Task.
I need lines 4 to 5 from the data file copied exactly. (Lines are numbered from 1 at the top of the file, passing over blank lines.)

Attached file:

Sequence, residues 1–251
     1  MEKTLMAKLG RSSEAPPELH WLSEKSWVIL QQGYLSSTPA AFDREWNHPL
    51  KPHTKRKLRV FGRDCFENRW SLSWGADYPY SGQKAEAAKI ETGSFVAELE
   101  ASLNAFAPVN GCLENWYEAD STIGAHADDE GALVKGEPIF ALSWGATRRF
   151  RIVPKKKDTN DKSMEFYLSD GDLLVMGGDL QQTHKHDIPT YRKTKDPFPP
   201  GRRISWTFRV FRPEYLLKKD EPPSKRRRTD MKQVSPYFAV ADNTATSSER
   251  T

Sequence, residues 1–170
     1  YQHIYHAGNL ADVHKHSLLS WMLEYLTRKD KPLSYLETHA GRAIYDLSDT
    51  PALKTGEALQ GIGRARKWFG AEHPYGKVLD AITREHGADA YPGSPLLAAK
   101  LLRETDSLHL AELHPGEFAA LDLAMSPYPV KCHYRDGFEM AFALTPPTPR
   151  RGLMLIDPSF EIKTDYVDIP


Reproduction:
   101  ASLNAFAPVN GCLENWYEAD STIGAHADDE GALVKGEPIF ALSWGATRRF
   151  RIVPKKKDTN DKSMEFYLSD GDLLVMGGDL QQTHKHDIPT YRKTKDPFPP